Heating qualities

There is very little calorific difference of wood types based on their dry weight. Woods with a greater density burn for a longer time, as it has a higher calorific density. The most important (part/ aspect) of burning wood is to make sure it is dry.

Moisture content in wood

When a tree is felled in winter, the moisture content of the wood will be over 50%, and even higher if it is felled in summer. By splitting the logs and/or cutting them to short lengths, you can accelerate the rate at which the wood will dry out. You can check how dry it is using a moisture meter. The picture below shows the spikes on the end of my moisture meter - you just jab these into the end of a log and it gives you a reading.

The reason the wood needs to have dried out is that when you put a log into a fire or stove, before it can burn, all of the moisture must be driven off, and this uses some of the heat from the fire - so, the wetter the log, the less heat you get out. But there's another problem too - wet wood doesn't burn as cleanly, which is bad from the point of view of pollution, and also can deposit tar in the chimney, potentially creating a fire risk.

So how dry should your wood be before you burn it? This varies from one stove to another, but the moisture content should be 30% at most, and ideally should be 20%. How long it takes to get this dry depends on how the wood is stored. Ideally it should be split as soon as possible, then stored off the ground in a place where air can circulate through it and the rain is kept off it. Drying to 30% should usually happen within a year, and 20% in two years, although in ideal conditions these times can be reduced.

Here's an example of how important it is to split logs. These two logs were both felled about two years ago, and have been freshly sawn from the centre of 2m lengths. The first one was split straight after felling, and the moisture content is just over 20%:

The second one has only just been split, and the moisture content is still over 40% (the meter only reads between 3 and 40%):

The good news is that a short split log like this dries out very quickly in the summer - a week of being in the sun and the wood had dropped to 30%.

Many thanks to Mike Pepler for this information.

Types of firewood.

Alder:  Opinion varies, works best well seasoned.
Apple:  Splendid/ It bums slowly and steadily when dry, with little flame, but good heat. Good scent. Must season well
Ash:  Best burning wood; has both flame and heat, and will burn when green, as it has a low moisture content. Will burn even better dry.
Beech:  Best when well seasoned
Birch:  The heat is good but it burns quickly with a bright flame.  Nice smell, works well when mixed with other woods that burn more slowly.
Cedar:  Good when dry. It gives little flame but much heat, and the scent is beautiful.
Cherry:  Burns slowly, with good heat. Another wood with the advantage of scent and does not spit.
Chestnut:  Mediocre. Apt to shoot embers. Small flame and heating power.??
Cypress: Burns well but fast when seasoned, and may spit
Douglas Fir:  Poor. Little flame or heat.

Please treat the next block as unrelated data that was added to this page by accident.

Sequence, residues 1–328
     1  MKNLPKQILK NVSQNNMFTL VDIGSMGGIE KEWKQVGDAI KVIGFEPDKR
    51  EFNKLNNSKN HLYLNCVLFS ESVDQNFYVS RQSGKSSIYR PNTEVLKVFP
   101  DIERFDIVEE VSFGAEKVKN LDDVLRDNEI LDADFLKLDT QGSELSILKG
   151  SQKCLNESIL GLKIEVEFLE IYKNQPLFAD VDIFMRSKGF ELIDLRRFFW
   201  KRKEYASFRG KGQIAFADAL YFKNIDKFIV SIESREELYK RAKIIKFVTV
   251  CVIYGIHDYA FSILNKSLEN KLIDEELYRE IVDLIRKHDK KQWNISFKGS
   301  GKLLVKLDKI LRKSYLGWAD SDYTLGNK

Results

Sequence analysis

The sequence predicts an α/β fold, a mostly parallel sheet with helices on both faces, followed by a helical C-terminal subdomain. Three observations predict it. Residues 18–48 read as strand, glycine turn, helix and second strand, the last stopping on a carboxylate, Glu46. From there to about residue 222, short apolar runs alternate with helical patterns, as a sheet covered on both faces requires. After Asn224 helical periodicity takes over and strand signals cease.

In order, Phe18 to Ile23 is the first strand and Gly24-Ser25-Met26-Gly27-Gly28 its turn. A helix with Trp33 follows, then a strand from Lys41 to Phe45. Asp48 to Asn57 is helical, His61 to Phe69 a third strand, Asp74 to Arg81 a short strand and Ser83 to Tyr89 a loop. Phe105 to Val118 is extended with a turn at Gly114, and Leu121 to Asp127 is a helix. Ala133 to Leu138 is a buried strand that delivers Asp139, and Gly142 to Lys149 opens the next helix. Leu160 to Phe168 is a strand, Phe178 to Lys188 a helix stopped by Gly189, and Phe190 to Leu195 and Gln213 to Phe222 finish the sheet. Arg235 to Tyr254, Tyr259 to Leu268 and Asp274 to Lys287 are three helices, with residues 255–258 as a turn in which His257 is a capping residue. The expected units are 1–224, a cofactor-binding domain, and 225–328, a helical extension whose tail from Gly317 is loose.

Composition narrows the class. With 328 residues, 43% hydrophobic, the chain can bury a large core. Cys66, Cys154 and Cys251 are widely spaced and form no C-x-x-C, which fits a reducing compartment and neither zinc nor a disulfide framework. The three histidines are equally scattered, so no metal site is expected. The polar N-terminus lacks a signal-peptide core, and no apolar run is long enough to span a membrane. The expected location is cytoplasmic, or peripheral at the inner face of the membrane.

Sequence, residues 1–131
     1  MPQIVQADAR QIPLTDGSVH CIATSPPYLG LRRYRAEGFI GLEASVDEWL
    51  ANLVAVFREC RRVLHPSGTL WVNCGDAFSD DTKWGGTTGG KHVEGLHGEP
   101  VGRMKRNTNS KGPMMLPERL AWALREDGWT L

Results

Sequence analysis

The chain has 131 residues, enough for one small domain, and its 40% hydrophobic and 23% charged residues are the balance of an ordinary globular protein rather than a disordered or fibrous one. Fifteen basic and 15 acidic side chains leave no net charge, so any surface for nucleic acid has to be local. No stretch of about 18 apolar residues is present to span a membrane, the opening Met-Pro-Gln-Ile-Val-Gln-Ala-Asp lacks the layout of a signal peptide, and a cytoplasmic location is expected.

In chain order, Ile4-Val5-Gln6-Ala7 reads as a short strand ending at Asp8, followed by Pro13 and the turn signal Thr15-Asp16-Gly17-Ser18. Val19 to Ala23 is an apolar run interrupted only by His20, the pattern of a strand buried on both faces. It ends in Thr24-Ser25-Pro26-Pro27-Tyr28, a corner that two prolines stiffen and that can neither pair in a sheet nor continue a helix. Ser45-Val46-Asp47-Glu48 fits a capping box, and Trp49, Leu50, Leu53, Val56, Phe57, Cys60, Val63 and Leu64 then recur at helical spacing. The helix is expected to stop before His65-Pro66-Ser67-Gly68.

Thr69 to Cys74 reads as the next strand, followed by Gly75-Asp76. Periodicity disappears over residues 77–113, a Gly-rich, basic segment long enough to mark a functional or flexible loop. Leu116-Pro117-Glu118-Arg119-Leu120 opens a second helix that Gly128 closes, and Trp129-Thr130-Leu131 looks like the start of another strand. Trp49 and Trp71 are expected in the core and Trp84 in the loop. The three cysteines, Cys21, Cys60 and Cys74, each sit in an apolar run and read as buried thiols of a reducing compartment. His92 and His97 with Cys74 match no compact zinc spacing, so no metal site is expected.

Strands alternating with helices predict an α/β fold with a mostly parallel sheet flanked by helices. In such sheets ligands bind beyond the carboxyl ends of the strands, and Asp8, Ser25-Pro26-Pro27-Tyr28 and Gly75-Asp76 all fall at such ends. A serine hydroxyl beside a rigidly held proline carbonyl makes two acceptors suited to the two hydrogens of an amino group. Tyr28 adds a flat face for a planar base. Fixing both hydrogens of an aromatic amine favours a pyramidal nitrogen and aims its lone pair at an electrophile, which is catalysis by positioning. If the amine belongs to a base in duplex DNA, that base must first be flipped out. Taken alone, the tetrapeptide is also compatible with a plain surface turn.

Elder:   Mediocre. Very smoky. Quick burner, with not much heat.
Elm:  To bum well it needs to be kept for two years. Even then it will smoke.Very high water content – more water than wood.
Hawthorne: burns well
Hazel:  Good, burns fast without spitting. but has other uses, so you might not want to burn it
Holly:  Good, will burn when green, but best when kept a season.
Hornbeam:  Good, burns well
Horse Chestnut:  Good flame and heating power but spits a lot.
Laburnum:  Totally poisonous tree, acrid smoke, taints food and best never used.
Larch:  Crackles and spits, scented, and fairly good for heat. Oily soot in chimneys
Laurel:  Has brilliant flame.
Lime:  Poor. Burns with dull flame.
Maple:  Good.
Oak:  Dry oak is excellent for heat, burning slowly and steadily with a good heat. Seasoned for 2 - 3 years is best.
Pear:  Slow and steady, good heat and a good scent.
Pine:  Bums with a splendid flame, but apt to spit.  Needs to be well seasoned. Gives off a large number of resins.
Plane:  Burns pleasantly, but is apt to throw sparks if very dry.
Plum:  Good heat and scent.
Poplar:  Burns slowly with little heat – better for making matchsticks
Rhododendron:  The thick old stems, being very tough, burn well.
Robinia (Acacia):  Burns slowly, with good heat, but with acrid smoke.
Rowan: Burns well
Spruce:  Burns too quickly and with too many sparks.
Sweet chestnut: burns well when seasoned but sends out sparks. Only for use in a stove with door closed!
Sycamore:  Burns with a good flame, with moderate heat. Useless green.
Walnut:  Good, and so is the scent. Aromatic wood.
Willow:  Poor. It must be dry to use, and then it burns slowly, with little flame. Apt to spark.
Yew:  Last but among the best. Burns slowly, with fierce heat, and the scent is pleasant.

Burning soft wood

by David Blake, Cranborne Chase and Westwiltshire AONB

For folk with wood burning stoves, soft woods are in some ways better than the more expensive hard wood logs. For small scale producers, being able to market soft wood logs to particular customers can avoid the necessity of the awful "mixed load"; it says to the customer that what you are offering is second quality, which is not a good marketing ploy. The important thing to realise is that soft woods need just as much attention to their seasoning as hard woods. Douglas is a great firewood, but needs two years outdoors under cover if it is to perform well. Norway and Sitka spruce need seasoning for at least a year and cedars, firs and cypresses are the same. All soft woods will spit as they have within their tissues the sticky substance called resin. This is a highly volatile hydro-carbon composed (mainly) of terpenes. It differs from species to species: some are essential oils like balsam while some are positively explosive, but they will all cause logs to spit. While proper seasoning reduces spitting enormously, this is why they are more suitable for wood burning stoves than open fires. What makes them great for wood burners is that folk with wood burning stoves tend to use them more than open fire users, especially if the stove is connected to the central heating or hot water systems. Soft woods will generate less heat per kilo purchased, but should cost less; do the numbers and see if it will drive down your costs.